Microsoft slowly seals its lips about its police toolkit

To put a lid on bloggers' speculation about police getting "backdoors" to Windows security, Microsoft is starting to hush up on the subject. In an e-mail to BetaNews on Friday, a spokesperson described COFEE as a "customizable framework."

Despite releasing a few more facts on Friday about a controversial new tool for police officers, Microsoft has now vowed to stay mum on the "exact methods" used by COFEE (Computer Online Forensic Evidence Extractor), as well as about what kinds of passwords -- OS or network, for example -- COFEE might be able to crack.

"Because COFEE is designed to be used by law enforcement officials in investigations that deal with highly sensitive evidence and information, the exact methods by which the COFEE tool works cannot be disclosed," a Microsoft spokesperson wrote, in an e-mail to BetaNews on Friday.

On the other hand, Microsoft's expanded statement to BetaNews on Friday did add some new information to the public pool of knowledge about a tool already distributed to 2,000 police around the globe.

For instance, the spokesperson described COFEE on Friday as a customizable framework, "operating from a USB storage device, that law enforcement can use to leverage publicly available forensic tools and access information on a live Windows system."

Microsoft went on to say, "Microsoft's COFEE works by being plugged into a running system where a user has already logged on. It enables law enforcement to expedite the evidence gathering process by automating over one hundred different commands that would otherwise have to be typed by hand. COFEE saves the results for later analysis, preserving information that could be lost if the computer had to be shut down and transported to a lab."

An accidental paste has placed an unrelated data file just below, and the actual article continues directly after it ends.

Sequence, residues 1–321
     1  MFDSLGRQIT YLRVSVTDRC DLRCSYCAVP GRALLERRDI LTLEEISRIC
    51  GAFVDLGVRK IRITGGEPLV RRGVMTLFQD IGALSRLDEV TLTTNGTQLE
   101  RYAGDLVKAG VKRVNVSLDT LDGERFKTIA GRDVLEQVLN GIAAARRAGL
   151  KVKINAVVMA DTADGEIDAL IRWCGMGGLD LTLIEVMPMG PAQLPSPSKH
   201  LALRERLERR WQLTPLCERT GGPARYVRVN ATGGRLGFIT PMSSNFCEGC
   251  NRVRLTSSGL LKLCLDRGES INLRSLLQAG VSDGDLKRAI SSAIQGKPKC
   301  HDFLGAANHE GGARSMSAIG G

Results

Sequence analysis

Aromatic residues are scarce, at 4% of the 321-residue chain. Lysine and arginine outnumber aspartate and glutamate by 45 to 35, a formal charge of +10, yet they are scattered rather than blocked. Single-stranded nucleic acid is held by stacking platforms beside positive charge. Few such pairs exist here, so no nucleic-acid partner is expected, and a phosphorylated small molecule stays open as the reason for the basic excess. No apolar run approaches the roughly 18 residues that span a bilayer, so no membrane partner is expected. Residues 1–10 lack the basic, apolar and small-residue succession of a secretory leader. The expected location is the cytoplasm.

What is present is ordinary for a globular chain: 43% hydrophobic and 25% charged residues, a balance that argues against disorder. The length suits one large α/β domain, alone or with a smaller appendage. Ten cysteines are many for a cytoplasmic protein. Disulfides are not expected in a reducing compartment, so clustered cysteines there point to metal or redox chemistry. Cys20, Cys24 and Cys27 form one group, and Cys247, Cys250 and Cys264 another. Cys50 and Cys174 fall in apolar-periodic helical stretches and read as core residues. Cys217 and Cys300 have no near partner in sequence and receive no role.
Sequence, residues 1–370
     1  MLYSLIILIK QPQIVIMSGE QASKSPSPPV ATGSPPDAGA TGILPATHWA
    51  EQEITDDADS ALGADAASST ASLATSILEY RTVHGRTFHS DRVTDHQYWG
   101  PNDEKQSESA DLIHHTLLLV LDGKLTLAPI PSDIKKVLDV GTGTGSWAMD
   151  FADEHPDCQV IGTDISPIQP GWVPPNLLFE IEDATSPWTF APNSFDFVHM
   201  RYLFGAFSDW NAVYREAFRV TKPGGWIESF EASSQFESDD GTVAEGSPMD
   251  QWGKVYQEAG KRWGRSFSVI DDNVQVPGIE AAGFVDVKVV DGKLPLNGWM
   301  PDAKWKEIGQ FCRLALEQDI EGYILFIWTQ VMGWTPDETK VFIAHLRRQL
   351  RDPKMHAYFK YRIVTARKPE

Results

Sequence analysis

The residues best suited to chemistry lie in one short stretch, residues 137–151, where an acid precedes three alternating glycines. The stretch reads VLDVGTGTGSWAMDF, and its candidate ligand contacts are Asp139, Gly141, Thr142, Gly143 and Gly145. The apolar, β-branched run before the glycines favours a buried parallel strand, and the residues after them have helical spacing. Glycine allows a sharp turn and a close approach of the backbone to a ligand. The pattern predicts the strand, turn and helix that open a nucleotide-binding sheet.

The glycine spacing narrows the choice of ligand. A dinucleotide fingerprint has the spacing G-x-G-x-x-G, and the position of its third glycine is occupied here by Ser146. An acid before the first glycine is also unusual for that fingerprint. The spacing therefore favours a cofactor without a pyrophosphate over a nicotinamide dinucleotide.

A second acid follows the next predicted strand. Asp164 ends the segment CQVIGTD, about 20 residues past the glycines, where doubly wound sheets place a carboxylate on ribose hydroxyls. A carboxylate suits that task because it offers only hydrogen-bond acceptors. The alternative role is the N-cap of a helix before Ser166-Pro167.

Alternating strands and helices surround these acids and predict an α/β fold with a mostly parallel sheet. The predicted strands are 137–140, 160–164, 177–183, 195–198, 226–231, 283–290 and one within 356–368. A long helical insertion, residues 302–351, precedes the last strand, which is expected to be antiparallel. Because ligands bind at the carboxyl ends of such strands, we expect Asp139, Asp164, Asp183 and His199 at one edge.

In earlier accounts, COFEE had been variously explained as either a set of software tools or a series of about 150 commands.

As previously reported, COFEE controversy started last week when some bloggers started rumors that Microsoft was handing out "backdoor keys" to Windows security. The blogs got sparked by an article published in the Seattle Times based on an interview with Brad Smith, Microsoft senior VP and general counsel. Last week, Smith gave a talk at a law enforcement conference in Seattle, where he characterized COFEE as a "Swiss army knife for law enforcement officers."

In the Times article, reporter Benjamin J. Romano wrote that COFEE can "decrypt passwords and analyze a computer's Internet activity as data stored in the computer" -- words that soon touched off tirades among several incensed bloggers.

In an update to his article, Romano said a Microsoft spokesperson had later written to him describing COFEE as "a compilation of publicly available forensics tools, such as password security auditing technologies."

Although an initial statement to BetaNews contained no mention of the password tools, a second e-mail from Microsoft provided the information that COFEE does "include password security auditing tools." Subsequently, last Thursday, BetaNews asked Microsoft to identify the kinds of passwords that might be audited or recovered by police using COFEE -- Windows OS passwords, network passwords, or application passwords, for example.